Many people view IoT devices as being on the cutting edge of what’s possible in tech. That also means the circuit board designers partially responsible for making those gadgets work should expect new technologies will become part of what they do.

The manufacturing of printed circuit boards (PCBs) is extremely precise and involves going through steps in the proper order. Cleanliness is of paramount importance, too. Even one speck of dust settling on the PCB’s laminate board could cause a short circuit.

People who work with circuit boards and aspire to design IoT products must be ready and willing to possibly put aside many of the familiar things that drive their work and trade them for emerging technologies or techniques.

The respective nascent capabilities of the tech may indeed result in the desired outcomes. There’s also the risk of unintended consequences.

When working with technologies that have only became available recently, it’s difficult for designers to approach their colleagues and get insights on their experiences.

Some people may hesitate to give their opinions, either due to not working with the new technologies at all yet, or having such limited experiences with them that they haven’t reached conclusions.

So, circuit board designers should realize there will be cases when it’s impossible to research potential approaches to using new technology in an IoT product because other companies haven’t attempted it.

Having both a flexible attitude and a desire to explore the possibilities will be advantageous for circuit board designers handling IoT projects.

4. Designing Entire Products, Not Just the Circuit Boards

The circuit boards used for devices in the past aren’t feasible for most IoT devices, due to the constraints outlined above.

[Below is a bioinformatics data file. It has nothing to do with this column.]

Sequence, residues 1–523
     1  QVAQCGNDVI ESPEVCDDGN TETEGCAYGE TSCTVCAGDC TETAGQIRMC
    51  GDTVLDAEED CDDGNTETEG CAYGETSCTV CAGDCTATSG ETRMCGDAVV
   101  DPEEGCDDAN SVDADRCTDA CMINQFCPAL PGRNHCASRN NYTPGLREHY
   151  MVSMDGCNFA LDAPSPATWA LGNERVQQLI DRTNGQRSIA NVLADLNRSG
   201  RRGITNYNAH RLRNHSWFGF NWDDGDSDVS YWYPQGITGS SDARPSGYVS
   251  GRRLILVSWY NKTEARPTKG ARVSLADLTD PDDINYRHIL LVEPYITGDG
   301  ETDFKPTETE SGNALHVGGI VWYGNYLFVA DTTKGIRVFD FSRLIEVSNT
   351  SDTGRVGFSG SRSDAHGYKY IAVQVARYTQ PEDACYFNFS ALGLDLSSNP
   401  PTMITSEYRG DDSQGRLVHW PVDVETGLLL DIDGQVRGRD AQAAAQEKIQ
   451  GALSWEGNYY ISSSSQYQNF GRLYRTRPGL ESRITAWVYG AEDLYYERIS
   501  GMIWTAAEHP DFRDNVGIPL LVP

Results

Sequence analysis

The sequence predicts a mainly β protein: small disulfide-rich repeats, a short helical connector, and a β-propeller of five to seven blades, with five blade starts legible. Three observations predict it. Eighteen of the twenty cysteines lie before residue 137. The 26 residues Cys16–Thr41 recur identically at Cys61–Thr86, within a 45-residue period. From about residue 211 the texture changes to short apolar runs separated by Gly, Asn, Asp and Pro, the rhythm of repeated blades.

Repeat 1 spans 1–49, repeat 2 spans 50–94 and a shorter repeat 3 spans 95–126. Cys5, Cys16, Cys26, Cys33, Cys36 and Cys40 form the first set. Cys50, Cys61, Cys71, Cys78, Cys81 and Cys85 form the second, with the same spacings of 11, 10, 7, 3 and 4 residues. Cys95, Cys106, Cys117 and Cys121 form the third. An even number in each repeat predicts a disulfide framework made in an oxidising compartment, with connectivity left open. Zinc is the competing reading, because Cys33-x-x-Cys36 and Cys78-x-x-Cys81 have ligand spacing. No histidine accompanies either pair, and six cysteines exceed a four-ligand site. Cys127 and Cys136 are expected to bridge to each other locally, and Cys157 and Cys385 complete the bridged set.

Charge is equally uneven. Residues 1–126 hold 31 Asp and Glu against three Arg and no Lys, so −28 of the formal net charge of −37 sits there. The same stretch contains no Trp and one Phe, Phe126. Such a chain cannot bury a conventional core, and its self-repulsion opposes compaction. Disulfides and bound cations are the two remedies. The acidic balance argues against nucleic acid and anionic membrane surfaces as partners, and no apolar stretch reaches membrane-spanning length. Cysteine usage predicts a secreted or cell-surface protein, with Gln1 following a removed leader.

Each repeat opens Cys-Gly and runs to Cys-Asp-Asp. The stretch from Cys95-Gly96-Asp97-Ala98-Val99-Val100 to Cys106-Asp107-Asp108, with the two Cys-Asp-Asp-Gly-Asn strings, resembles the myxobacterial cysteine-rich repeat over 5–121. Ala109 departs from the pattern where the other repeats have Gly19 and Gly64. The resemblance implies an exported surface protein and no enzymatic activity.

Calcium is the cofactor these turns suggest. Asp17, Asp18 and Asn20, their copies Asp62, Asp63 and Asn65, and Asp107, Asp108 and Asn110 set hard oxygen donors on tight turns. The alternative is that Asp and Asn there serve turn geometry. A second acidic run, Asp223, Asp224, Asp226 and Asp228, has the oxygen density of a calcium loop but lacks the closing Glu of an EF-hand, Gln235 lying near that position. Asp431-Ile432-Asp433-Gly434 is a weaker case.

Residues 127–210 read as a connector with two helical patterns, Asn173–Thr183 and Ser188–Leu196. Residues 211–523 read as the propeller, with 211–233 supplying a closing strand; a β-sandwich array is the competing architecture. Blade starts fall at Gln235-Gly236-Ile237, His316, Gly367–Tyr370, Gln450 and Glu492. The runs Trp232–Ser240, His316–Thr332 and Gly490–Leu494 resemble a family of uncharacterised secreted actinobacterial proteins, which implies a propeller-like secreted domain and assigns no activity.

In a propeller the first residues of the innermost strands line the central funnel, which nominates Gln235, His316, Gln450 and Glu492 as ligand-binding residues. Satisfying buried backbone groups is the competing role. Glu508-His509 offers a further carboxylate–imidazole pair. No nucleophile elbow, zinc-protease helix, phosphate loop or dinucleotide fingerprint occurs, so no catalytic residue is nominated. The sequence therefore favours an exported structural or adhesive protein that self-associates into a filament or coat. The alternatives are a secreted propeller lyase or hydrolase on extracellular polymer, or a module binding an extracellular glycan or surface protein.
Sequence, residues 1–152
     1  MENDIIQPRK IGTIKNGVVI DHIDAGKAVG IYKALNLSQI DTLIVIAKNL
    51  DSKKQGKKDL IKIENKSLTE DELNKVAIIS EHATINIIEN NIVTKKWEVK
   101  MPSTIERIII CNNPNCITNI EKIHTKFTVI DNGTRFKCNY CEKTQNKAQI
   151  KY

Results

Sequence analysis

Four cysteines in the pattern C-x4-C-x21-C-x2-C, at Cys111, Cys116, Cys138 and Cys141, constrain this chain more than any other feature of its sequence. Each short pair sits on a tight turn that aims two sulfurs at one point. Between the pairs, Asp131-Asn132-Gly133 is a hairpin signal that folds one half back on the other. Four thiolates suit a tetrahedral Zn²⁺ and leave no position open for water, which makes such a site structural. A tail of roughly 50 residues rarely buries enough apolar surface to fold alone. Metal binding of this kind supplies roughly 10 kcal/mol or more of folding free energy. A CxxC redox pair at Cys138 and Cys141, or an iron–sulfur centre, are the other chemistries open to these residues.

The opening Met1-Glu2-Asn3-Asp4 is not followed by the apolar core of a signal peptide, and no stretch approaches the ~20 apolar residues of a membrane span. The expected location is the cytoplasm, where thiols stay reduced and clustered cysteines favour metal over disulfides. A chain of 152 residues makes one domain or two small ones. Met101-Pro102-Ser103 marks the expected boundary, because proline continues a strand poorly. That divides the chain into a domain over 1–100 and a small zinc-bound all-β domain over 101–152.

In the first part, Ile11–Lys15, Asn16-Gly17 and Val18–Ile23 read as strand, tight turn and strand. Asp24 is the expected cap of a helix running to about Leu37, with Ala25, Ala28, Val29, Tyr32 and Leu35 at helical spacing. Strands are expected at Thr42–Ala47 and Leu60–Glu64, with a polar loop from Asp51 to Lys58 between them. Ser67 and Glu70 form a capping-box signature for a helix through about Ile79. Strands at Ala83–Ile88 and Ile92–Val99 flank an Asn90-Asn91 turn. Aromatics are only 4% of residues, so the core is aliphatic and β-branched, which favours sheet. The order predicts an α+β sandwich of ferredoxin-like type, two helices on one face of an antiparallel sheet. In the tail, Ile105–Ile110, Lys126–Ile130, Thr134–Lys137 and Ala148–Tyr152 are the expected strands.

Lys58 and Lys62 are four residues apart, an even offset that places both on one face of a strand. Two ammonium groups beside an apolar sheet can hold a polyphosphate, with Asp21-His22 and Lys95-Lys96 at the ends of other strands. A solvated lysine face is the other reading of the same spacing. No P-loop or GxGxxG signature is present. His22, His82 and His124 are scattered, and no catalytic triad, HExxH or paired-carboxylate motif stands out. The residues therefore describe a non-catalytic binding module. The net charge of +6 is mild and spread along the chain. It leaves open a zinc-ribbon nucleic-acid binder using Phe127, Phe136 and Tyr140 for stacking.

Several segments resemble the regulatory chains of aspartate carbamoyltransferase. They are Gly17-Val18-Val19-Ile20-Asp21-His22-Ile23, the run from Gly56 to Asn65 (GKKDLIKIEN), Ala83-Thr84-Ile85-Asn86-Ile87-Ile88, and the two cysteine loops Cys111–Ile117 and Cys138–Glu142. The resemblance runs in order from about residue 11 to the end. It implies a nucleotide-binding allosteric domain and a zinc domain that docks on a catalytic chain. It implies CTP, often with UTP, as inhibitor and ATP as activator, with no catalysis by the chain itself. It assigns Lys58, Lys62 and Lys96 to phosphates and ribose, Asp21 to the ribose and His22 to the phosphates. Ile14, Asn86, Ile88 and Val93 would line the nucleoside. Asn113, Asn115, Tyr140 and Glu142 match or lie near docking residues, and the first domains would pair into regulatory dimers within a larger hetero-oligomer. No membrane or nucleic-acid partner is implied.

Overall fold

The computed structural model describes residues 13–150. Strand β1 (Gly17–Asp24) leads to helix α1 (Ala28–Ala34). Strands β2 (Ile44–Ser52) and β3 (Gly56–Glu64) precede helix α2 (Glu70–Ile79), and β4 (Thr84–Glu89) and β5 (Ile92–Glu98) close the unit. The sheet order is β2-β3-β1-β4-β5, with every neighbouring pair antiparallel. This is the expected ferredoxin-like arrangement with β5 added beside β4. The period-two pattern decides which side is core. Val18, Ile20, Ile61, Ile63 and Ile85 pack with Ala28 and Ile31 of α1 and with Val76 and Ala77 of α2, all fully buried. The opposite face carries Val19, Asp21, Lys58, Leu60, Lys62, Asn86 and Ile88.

But, because modern circuit boards are substantially unlike those depended on before, circuit board designers must remain involved in the design process for overall products, instead of just one part of them.

Besides staying in constant communication with other members of a design team, the people who handle an item’s circuit boards will devote time to virtual prototyping software that illustrates how a circuit board fits into all the other components of a gadget and affects things like its size and weight.

An advantage of virtual prototyping is it allows circuit board designers to spot potential problems in the early stages before physical versions of an IoT device exist. Then, they can adjust the circuit board’s characteristics as needed to avoid costly and time-consuming problems.

The expanding role of circuit board specialists in the complete design process of IoT devices may require those individuals to consciously expand their knowledge — through formal or informal study — to hit the ground running when exposed to aspects of design that circuit board designers have previously not addressed.

Evolution Is Essential

Today’s most successful IoT devices are extremely high-tech, and that trend will undoubtedly continue into the foreseeable future.

To play meaningful roles in engineering the essential circuit boards, designers must realize a willingness to evolve will set them ahead of the pack.

It will assist in overcoming the challenges described above and others encountered along the way.

Kayla Matthews
Kayla Matthews
Kayla Matthews is an IoT enthusiast and senior writer at MakeUseOf. You can also find her writing on VentureBeat, The Next Web and ProductivityBytes.com.
Kayla Matthews is an IoT enthusiast and senior writer at MakeUseOf. You can also find her writing on VentureBeat, The Next Web and ProductivityBytes.com.